Enter the Void: A GIS Analysis of the Visibility of Empty Spaces at Copan, Honduras
The concept of visibility: what or who is visible and who can see what, provides archaeologists with information about power, ideology, and interaction. Geographic Information Systems (GIS) allow us to quantify the visibility of archaeological features in landscapes and 3D visualizations and gives us a way to experience these past landscapes. In Maya archaeology, most visibility studies measure the visibility of monuments as a means to understand the role of architecture within ancient Maya society. In this paper, we reverse our approach—measuring the visibility of "empty" spaces at the ancient city of Copan in Honduras—in order to interpret the role they may have played in conveying messages and shaping daily life. Using GIS we identify "empty" spaces across the city and begin to interpret their potential significance. These spaces that appear "empty" today could have been agricultural fields, household gardens, or ritual stages, which each have different implications in terms of visibility. We focus particularly at "empty" spaces in San Lucas—a neighborhood overlooking Copan’s main civic-ceremonial complex.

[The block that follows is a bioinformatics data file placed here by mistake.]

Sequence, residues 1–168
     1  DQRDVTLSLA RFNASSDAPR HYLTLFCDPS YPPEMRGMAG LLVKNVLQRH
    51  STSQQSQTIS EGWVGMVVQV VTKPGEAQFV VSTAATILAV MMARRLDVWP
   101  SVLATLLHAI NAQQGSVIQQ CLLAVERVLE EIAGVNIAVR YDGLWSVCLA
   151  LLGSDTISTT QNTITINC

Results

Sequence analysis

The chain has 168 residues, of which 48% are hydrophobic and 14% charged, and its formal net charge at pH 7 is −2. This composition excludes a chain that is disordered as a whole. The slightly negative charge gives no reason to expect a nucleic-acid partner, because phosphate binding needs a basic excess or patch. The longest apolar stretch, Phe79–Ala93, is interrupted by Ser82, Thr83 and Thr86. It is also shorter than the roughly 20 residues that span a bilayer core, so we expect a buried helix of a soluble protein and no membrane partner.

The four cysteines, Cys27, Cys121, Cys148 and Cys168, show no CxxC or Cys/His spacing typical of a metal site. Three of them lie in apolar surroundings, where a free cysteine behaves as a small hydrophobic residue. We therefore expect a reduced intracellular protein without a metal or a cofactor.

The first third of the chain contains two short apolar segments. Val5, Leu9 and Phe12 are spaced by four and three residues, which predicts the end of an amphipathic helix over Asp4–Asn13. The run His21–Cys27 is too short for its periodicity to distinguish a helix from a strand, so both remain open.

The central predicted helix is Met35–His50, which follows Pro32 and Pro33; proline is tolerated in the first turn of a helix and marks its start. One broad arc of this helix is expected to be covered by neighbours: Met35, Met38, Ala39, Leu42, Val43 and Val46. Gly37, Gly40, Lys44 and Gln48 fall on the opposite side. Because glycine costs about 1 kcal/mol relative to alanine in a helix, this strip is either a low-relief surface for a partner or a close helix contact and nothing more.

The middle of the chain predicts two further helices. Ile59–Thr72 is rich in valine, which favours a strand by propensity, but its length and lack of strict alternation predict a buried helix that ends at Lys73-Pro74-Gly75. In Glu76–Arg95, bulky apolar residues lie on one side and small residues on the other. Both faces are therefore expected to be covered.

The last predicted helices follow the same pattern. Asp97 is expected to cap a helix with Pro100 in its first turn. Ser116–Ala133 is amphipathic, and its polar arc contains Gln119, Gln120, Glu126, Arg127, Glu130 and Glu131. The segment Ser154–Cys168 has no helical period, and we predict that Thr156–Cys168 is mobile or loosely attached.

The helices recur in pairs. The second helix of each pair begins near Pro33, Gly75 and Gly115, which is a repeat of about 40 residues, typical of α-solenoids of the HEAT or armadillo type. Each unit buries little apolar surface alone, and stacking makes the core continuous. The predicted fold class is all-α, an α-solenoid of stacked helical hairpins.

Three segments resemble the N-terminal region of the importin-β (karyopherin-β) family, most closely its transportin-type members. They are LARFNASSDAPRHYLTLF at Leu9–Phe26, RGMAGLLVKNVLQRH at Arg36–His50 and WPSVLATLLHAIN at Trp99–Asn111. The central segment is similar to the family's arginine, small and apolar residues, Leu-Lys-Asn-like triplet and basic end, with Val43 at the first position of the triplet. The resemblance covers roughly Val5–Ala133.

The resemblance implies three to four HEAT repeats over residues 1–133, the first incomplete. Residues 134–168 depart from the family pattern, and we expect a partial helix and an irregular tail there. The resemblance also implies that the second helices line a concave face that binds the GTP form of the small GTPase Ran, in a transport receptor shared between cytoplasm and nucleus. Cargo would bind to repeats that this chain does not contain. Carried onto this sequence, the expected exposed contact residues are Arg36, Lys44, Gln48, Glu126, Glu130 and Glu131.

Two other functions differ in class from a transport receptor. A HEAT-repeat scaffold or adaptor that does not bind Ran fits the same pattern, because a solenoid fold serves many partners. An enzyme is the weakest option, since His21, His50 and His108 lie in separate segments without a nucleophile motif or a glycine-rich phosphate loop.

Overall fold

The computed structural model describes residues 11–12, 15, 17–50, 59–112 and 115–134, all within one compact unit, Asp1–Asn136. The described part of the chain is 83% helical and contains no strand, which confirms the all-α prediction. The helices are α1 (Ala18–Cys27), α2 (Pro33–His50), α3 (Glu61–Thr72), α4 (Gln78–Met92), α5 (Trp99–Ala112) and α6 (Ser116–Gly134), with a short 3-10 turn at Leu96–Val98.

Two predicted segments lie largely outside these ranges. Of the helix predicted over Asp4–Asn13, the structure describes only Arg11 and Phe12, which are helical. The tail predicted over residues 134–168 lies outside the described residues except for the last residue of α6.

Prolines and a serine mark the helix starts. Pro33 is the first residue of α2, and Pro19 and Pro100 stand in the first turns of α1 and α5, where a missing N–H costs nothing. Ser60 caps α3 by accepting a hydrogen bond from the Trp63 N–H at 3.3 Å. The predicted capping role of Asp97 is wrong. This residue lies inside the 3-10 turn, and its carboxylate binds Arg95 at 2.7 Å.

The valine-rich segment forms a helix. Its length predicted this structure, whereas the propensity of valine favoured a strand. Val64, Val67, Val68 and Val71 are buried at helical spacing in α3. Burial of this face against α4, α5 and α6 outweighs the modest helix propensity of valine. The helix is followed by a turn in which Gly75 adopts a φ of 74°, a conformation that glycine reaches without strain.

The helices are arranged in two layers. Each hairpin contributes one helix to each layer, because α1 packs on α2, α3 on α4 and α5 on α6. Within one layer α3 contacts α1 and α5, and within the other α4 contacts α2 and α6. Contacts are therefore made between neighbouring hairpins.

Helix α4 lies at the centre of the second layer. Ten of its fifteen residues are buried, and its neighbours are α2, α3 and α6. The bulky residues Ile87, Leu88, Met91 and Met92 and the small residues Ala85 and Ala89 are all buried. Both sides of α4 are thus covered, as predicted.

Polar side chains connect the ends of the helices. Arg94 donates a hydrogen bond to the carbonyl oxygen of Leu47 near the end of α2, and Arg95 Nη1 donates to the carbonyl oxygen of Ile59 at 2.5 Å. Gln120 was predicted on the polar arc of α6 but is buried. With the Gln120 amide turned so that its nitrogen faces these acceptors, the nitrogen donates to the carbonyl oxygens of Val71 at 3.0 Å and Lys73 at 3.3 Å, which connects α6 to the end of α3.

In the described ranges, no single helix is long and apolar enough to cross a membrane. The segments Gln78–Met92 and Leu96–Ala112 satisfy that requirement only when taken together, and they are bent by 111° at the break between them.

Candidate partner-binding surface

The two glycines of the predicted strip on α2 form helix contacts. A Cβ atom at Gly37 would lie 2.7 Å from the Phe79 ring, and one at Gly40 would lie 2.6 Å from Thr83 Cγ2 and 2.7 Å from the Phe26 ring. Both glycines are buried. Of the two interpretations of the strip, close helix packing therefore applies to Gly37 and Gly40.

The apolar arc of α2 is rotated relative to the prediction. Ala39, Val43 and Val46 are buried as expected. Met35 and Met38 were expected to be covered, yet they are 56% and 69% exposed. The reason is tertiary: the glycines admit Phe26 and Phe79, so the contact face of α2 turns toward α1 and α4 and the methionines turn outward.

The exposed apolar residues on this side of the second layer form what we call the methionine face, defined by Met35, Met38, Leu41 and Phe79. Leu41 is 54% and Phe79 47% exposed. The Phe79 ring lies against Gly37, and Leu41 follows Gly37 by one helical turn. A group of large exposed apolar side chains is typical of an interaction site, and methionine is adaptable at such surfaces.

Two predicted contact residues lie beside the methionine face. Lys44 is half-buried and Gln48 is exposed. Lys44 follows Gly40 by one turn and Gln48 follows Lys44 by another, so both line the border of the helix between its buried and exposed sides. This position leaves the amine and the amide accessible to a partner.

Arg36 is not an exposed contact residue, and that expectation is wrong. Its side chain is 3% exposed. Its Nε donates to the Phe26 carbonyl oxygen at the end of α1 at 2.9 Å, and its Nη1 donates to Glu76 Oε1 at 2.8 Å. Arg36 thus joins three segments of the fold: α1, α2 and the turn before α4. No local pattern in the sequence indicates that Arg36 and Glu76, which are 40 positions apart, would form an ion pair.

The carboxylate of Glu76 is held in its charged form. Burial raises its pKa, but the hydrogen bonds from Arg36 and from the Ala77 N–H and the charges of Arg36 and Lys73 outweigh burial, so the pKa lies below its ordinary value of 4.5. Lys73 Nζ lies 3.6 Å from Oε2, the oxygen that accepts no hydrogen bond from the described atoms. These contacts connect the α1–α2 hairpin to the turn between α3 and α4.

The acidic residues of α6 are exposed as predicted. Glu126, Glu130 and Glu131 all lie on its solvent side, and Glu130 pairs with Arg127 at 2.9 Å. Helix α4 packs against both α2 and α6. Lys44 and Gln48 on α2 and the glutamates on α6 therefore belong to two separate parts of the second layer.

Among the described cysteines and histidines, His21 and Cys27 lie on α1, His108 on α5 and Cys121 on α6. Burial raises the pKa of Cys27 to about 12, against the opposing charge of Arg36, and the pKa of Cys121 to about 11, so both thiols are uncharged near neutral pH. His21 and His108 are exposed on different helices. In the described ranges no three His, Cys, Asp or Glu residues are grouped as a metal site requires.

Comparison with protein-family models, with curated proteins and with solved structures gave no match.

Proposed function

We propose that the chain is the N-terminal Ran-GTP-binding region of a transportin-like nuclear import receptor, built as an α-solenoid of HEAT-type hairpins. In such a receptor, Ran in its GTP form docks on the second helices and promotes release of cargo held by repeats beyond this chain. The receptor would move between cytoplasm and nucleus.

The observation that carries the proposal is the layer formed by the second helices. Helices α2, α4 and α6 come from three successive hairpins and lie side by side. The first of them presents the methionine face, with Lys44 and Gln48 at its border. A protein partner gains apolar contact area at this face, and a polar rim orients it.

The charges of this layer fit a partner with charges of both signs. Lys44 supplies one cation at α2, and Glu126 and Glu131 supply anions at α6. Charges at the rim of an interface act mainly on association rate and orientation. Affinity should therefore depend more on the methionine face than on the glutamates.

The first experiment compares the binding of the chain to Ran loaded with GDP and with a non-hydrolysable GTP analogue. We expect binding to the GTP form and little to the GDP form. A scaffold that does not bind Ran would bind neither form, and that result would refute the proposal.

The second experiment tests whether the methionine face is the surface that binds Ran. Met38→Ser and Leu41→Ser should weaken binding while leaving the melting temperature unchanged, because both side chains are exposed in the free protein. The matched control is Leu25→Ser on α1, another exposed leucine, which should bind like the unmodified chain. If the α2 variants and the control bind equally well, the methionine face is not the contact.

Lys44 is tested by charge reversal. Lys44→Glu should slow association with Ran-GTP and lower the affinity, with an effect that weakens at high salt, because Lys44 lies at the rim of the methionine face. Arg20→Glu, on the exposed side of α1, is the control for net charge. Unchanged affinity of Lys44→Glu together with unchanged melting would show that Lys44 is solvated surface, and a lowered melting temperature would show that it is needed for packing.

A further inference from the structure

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Enter the Void: A GIS Analysis of the Visibility of Empty Spaces at Copan, Honduras. Justin King, Heather Richards-Rissetto, Kristin Landau. Presented at The 80th Annual Meeting of the Society for American Archaeology, San Francisco, California. 2015 ( tDAR id: 397035)
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min long: -107.271; min lat: 12.383 ; max long: -86.353; max lat: 23.08 ;